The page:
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AAPG International Conference: October 24-27, 2004; Cancun, Mexico

Sureste Basin, México and Associated Sub-basins: An Update and Future Potential

José Alberto Aquino-López (PEMEX, México) The Sureste Basin, with an extensión of approx. 65,100 Km2, has been the main hydrocarbon province of Mexico since the mid-1970´s. It consists of two main areas: The light oil-bearing onshore Mesozoic province, also known as Chiapas-Tabasco, and the prolific offshore oil province of the Sonda de Campeche with heavy and light crudes. The Southeast basin also contains two Tertiary subbasins ­ the Comalcalco to the north, and the Macuspana subbasin, producing oil and gas since the 1950´s ( Fig.1). Hydrocarbon reserve incorporated for the basin is 23,930 mmb of oil and 32,960.30 mmmpc of gas for the Mesozoic, and 311.8 mmb of oil and 361.8mmmpc of gas for the hydrocarbon column in the Tertiary sequence. Evidently production from the Mesozoic far exceeds that from the Tertiary section. Hydrocarbon quality varies from heavy to superlight oil in the Mesozoic, while the Tertiary produces oil and non-associated gas. Recent exploration activities have been very positive with the addition of considerable new reserves. BASIN EVOLUTION Multiple tectonic regimes left its imprint on the study area: a passive margin phase during the opening of the Gulf of Mexico, a prolonged Pacific-type convergent margin phase, and a transcurrent phase associated with the major Motagua-Polochic system. Any interpretation of the ancestral Southeast Basin should take into account the uniquely complex polyphasic deformation history of the basin. In general terms the tectonic evolution of the ancestral Southeast Basin may be summarized in seven stages: Stage 1-. Triassic-Jurassic Rifting (230-144m.a). The geometry as well as the location of the basins, including the Southeast basin, was established on the southern rim of the Gulf of Mexico during this period. An important aspect of this stage is the precipitation of thick beds of Callovian salts in the lows of rifted grabens of large areal extension. Salt distribution strongly influenced the events which shaped the later traps. Equally, the salt acted as a detachment level, and was an important factor in later deformation through diapirism and salt evacuative processes. The Southeast Basin formed as a wide but partly closed basin, bordered by basement highs, and includes: Fig.1.-The Chiapas Depression which formed as a pronounced NW trending basement low (presently designated as the Sierra de Chiapas). The Mesozoic Chiapas-Tabasco, and the Sonda de Campeche depocenters hosting the main fields and the most important petroleum system of the Southeast Mexico region.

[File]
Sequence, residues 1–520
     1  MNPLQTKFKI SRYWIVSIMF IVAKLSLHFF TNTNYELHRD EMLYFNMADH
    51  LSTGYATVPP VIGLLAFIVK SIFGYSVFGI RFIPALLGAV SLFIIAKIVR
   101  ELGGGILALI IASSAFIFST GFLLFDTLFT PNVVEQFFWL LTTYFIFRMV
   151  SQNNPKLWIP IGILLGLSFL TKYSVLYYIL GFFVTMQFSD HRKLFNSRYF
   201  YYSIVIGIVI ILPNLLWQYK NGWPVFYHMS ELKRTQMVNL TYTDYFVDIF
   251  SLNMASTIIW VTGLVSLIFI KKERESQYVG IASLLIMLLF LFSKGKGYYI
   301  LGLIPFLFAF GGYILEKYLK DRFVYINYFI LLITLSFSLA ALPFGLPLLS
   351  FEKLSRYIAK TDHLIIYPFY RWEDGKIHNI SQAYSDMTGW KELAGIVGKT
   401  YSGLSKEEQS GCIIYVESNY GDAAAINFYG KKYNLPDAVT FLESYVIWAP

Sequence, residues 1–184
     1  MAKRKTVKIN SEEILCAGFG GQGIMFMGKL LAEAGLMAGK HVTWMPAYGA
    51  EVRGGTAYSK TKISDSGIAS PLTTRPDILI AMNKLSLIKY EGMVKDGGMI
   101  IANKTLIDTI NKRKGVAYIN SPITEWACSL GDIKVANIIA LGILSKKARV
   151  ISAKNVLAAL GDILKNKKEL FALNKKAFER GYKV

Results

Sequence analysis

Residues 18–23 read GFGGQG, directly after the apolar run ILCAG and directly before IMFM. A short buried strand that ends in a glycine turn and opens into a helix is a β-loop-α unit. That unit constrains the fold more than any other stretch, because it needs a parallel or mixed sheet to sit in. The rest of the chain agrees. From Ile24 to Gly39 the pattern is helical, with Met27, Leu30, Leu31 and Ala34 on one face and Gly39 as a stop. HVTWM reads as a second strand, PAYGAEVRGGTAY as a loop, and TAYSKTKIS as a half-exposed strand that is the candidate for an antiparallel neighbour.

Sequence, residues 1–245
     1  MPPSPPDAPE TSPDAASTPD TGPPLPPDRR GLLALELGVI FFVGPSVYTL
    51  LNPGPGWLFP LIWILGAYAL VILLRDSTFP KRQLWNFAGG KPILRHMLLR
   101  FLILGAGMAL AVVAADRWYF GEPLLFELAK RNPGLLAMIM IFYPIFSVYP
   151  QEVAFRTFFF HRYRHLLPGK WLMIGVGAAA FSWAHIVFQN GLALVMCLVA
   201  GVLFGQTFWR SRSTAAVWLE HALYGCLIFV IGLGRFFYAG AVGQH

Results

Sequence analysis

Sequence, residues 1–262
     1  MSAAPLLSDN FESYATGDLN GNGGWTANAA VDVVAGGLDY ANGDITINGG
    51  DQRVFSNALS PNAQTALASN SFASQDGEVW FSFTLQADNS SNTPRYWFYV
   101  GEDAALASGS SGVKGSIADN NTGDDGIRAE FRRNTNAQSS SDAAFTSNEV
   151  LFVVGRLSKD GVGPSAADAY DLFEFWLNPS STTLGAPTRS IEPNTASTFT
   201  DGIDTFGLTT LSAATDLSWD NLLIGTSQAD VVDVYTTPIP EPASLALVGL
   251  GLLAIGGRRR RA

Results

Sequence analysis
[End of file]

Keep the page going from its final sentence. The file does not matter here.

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AAPG International Conference: October 24-27, 2004; Cancun, Mexico

Stage 2-. Late Jurassic Passive Margin Phase (144-130m.a.). In the Late Jurassic the borders of the Gulf of Mexico acted as passive margins, while new oceanic crust was being created along the central Gulf oceanic ridge. The widely extensive marine Tithonian shaly lime mudstone were deposited during this time. The shaly mudstone forms the most important hydrocarbon source rocks of the southern border of the Gulf of Mexico.